Heaven’s gate meets Dante’s Inferno in the desert
September 4, 2004
BLACK ROCK DESERT – Bhak Tivedanta created an orange blob that literally and figuratively sucks in spectators at this year’s Burning Man, lifting them out of the audience and onto the stage to become part of the amoeba-like creature.
Tivedanta, a Vancouver, British Columbia performance artist with an obsession for orange, has one of the most successful of dozens of improvisational acts on 10 stages built into the base of the iconic Burning Man figure.
Tivedanta’s “costume” is a stretchy, orange fabric sphere that takes on an amoeba-like form when filled with a half-dozen or so spectators.
“At first I was really scared, then it felt really cool to be pulled into the performance art,” said Maria Propp, 21, of Madison, Wis. “That’s what Burning Man is all about – participation.”
Tivedanta, who calls his creature “Blobby,” said, “I noticed I could feed him people and it adopts their personalities.”
Alexis McDonough Pope, 25, of Portland, Ore., called the experience “very liberating – formless identity is awesome.”
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The annual fantasy world that is Burning Man grew out of San Francisco’s bohemian street theater nearly 20 years ago. A small group of artists and spectators spontaneously burned an eight-foot wooden figure on a Bay area beach, and the idea literally caught fire.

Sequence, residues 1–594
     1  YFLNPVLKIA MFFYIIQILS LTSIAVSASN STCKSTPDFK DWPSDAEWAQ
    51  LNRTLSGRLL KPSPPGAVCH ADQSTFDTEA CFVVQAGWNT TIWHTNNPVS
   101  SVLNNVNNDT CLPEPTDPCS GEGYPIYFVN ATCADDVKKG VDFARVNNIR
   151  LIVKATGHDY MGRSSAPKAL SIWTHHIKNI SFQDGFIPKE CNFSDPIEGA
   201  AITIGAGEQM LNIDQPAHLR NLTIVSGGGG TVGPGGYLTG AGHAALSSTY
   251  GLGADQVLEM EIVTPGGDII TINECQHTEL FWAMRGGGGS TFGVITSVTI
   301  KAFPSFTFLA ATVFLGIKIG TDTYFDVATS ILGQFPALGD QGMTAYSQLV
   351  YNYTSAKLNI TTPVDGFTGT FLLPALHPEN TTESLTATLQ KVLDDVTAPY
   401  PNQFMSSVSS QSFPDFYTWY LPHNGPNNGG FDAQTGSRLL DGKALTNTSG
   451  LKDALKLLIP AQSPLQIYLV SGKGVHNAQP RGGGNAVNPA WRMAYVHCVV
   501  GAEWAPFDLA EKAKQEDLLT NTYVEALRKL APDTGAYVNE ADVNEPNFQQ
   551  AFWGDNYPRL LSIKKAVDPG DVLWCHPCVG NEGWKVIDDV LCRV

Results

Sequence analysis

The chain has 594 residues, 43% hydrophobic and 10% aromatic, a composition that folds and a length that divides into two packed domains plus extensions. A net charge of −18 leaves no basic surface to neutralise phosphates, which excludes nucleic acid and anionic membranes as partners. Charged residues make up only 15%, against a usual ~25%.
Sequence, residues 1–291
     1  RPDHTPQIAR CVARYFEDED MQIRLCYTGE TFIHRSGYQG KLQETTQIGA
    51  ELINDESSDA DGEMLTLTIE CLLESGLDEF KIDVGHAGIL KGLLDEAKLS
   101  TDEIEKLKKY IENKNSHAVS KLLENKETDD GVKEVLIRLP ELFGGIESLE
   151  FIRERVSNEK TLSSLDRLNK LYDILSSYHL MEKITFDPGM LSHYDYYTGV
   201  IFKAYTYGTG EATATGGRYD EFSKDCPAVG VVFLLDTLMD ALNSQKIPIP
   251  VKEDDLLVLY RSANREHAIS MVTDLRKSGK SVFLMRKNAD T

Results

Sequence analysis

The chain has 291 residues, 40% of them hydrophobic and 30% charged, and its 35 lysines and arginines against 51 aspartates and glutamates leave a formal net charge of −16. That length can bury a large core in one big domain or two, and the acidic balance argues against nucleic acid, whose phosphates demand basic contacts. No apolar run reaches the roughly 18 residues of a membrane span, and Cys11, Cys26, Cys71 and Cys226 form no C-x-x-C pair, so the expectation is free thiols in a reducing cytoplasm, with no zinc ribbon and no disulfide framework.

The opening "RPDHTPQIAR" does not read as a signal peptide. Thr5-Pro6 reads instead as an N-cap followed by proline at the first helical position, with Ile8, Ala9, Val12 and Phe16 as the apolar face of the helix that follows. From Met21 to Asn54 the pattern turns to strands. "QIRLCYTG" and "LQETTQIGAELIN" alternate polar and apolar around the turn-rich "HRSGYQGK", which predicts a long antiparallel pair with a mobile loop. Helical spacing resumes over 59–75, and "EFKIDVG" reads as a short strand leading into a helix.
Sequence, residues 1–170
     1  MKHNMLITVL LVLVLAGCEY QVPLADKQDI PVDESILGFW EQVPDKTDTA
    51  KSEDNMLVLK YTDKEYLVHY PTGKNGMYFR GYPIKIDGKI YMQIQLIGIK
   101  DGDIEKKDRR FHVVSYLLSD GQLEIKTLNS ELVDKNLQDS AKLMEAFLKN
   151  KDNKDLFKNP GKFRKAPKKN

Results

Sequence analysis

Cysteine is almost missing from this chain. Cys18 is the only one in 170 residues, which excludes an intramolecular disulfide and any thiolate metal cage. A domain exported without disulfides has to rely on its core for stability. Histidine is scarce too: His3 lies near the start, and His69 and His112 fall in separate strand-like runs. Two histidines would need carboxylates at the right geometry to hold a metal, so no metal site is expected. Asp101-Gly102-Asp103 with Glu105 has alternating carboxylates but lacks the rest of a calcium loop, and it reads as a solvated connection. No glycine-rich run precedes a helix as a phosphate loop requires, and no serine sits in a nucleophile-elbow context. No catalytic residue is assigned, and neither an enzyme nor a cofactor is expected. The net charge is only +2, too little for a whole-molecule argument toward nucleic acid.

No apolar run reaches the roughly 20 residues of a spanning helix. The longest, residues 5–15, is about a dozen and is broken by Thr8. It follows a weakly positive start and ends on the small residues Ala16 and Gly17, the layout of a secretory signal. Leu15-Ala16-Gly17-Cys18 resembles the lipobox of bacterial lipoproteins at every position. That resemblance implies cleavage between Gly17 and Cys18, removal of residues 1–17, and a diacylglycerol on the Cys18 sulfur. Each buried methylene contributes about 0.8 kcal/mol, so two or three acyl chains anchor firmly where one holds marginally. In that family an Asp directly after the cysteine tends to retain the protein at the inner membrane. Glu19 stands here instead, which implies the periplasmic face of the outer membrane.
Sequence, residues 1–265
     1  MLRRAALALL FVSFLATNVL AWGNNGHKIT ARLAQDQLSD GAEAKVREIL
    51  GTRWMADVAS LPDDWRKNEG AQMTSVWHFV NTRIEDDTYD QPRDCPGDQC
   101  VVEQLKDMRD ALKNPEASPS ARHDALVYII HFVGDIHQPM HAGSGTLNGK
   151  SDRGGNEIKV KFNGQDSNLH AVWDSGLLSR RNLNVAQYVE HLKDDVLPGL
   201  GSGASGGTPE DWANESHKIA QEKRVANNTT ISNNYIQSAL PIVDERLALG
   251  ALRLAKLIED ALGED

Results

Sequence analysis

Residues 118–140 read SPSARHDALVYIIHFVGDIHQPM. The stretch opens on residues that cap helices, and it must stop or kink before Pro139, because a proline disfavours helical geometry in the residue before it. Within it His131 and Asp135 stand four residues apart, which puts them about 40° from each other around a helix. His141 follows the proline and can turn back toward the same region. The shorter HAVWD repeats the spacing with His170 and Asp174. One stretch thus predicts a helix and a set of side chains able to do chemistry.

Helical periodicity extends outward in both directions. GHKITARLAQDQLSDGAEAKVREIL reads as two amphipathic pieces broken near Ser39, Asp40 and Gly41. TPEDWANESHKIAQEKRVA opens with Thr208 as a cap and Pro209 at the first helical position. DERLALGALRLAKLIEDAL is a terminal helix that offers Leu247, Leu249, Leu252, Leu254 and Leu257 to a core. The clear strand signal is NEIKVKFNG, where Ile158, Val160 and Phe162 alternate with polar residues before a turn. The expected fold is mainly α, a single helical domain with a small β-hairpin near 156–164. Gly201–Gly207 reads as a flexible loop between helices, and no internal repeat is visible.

Into the platform that supports the now-giant Burning Man, organizers built 10 small theaters backed by high-resolution photographs of otherworldly landscapes.
“This is off-, off-, off-, off-, off-, off-Broadway. In fact, it’s Off-Planet Theater is what we call it,” said Larry Harvey, a Burning Man founder who helped design this year’s layout. Participants in each theater were told to “create a vision of another world, just like a diorama of natural history – but these are of another planet. We asked them to make these worlds come alive for several hours.”
With varying degrees of success, participants were asked to develop simple rules that would govern behavior on their planet, create costumes or makeup for their breed of alien, and keep it simple enough that spectators could be enticed to join the spontaneous improvisational theater.
On one stage a large bald man was fondling a half-clad woman; nearby a monked-cowled oracle debated the limits of freedom. On a third state, a woman in a pink spangled minidress sang audience requests.
The interactive stages are literally and figuratively at the center of Black Rock City, which appears for a fleeting week each year around the Burning Man figure.
The festival culminates in the torching of the wooden icon after dark Saturday.
Organizers drew this year’s theme, Vault of Heaven, from early concepts of the celestial order from the ancient Babylonians, Egyptians, Chinese and biblical Genesis account of the creation of the universe.
Streets were laid out in concentric circles around the central figure, and named after the planets of the solar system. The Burning Man was built atop a platform constructed to resemble a classic domed observatory.
The 400-square-mile desert setting is so vast and remote from light pollution that organizers note it is one of the few places in the nation where the full spiral of the Milky Way may be visible.
Participants beamed messages to the heavens all week, focusing a laser beam at distant stars and galaxies from a giant metal cylinder.
So far, there’s been no reply.